United Nations’ first tech ambassador sets out amid workplace harassment investigation – POLITICO

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A former ally of UN Secretary-General António Guterres will not remain the global organization’s first tech ambassador after a months-long investigation into allegations of workplace misconduct, according to people familiar with the matter.

POLITICO reported in May Chilean diplomat Fabrizio Hochschild Drummond, who was named UN Technology Envoy in January, was facing an investigation into allegations of discrimination, harassment, sexual harassment and abuse of power by current and former employees.

While the UN did not disclose the results of the investigation, two people with direct knowledge of the tech ambassador position said Hochschild would lose the title. “What is clear is that it will not continue,” said one EU official with firsthand knowledge. He added that the application process for the UN’s new technology ambassador will be restarted “soon”.

The end of Hochschild’s short-lived tensions as the UN’s tech ambassador encompasses an epic that has given Guterres the leap as he seeks a new term as Secretary-General, delaying the body’s attempts to become an international voice on technology.

As the United Nations seeks a replacement for Hochschild, the harassment investigation also complicates efforts to raise funds for his position, which should likely be funded by outside contributors, including the European Union.

Hochschild, a Chilean diplomat, had been Guterres’ top choice for the newly created tech ambassador role. While Guterres said earlier this year that he was not aware of the harassment allegations at the time of his appointment, POLITICO’s reports showed Guterres had replied to emails about complaints a month before his cabinet chief was appointed.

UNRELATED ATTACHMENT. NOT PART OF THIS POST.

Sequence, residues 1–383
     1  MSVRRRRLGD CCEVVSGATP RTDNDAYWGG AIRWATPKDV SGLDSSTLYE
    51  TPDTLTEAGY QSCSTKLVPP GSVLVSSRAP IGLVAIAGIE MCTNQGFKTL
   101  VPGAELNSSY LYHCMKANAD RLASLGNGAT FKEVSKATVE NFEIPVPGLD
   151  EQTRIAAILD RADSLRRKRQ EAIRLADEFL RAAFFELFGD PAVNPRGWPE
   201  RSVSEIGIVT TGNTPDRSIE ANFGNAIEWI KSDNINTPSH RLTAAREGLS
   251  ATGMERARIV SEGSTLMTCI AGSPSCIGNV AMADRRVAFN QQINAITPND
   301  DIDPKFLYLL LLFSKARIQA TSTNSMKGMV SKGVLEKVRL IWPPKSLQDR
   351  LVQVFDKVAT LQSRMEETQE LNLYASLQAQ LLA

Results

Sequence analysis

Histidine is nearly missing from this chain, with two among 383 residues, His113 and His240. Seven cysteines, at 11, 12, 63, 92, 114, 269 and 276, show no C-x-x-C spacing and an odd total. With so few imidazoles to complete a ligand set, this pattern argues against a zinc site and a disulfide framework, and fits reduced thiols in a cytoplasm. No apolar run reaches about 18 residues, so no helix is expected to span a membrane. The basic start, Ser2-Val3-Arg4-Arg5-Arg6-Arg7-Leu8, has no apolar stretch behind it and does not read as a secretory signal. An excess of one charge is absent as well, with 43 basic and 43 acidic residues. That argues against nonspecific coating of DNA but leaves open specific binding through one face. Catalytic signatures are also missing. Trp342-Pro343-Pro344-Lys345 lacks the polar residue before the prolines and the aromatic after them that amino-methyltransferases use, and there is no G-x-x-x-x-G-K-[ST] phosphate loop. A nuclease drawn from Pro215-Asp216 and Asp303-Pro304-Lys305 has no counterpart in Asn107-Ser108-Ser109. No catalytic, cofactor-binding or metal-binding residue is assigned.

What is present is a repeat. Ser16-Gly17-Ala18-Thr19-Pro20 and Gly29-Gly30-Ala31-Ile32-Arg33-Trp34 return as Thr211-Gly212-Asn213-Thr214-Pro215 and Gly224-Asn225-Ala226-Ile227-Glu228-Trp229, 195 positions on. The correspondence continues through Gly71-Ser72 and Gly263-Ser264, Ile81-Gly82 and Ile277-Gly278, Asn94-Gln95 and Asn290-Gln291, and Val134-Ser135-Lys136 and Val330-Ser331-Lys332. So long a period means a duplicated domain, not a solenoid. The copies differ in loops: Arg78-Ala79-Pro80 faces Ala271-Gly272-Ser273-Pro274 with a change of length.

Hochschild took leave five days after his appointment due to the allegations, but continued to receive his annual salary of more than $200,000 while on leave. Hochschild and the UN declined to comment on the investigation and what Hochschild’s role in the organization would be in the future.

“The responsibility process continues. A UN spokesperson said that, given the confidentiality requirements, no other information about the process could be provided.

AB stretches the muscles

When looking for a replacement for Hochschild, the United Nations has to consider outside opinions about the type of profile that will be required, particularly from countries and organizations that have had a hand in funding the position.

None looks bigger than the European Union, which is seen as an important potential source of funding.

In late September, Guterres received input from EU digital czar Margrethe Vestager during an hour-long meeting scheduled for 20 minutes in New York.

According to a reading of the meeting provided to EU countries and seen by POLITICO, Guterres – uninvited – “communicated his plans to open a call for applications for the UN Technology Ambassador (TE) position towards the end of the year.”